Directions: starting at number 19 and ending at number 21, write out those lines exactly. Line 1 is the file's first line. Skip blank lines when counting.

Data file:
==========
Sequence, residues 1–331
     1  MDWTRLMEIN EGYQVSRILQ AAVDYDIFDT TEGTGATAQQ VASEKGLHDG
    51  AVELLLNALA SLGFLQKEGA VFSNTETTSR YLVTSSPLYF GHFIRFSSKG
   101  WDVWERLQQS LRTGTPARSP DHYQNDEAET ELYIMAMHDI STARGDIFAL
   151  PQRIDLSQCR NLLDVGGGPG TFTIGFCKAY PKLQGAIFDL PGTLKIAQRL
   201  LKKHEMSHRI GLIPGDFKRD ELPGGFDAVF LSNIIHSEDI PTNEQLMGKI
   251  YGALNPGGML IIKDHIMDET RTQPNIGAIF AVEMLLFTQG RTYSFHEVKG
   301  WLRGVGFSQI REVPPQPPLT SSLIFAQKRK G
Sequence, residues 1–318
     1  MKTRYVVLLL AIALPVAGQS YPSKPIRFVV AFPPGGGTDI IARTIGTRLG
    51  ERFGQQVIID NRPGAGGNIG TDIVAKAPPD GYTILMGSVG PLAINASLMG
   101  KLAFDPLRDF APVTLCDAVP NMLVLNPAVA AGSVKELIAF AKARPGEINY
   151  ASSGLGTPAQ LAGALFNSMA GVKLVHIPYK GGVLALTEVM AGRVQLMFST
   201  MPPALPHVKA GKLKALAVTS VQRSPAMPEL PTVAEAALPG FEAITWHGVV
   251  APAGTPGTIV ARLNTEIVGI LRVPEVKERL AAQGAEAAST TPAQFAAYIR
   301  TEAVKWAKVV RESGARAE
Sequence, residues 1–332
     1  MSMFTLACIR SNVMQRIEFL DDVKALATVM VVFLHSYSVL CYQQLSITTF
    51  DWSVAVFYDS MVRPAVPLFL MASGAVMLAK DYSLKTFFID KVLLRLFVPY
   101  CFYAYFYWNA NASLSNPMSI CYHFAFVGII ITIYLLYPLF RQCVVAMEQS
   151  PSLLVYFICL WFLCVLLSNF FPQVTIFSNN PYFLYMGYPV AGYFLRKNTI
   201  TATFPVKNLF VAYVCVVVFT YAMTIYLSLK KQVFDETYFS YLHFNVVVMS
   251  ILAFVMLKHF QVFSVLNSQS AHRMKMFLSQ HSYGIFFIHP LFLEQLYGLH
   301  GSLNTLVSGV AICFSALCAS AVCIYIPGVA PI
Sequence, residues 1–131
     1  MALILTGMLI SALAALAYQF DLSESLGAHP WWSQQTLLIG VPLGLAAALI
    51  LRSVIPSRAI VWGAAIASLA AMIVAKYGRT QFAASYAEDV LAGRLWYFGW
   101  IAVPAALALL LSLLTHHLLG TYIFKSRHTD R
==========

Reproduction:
    51  DWSVAVFYDS MVRPAVPLFL MASGAVMLAK DYSLKTFFID KVLLRLFVPY
   101  CFYAYFYWNA NASLSNPMSI CYHFAFVGII ITIYLLYPLF RQCVVAMEQS
   151  PSLLVYFICL WFLCVLLSNF FPQVTIFSNN PYFLYMGYPV AGYFLRKNTI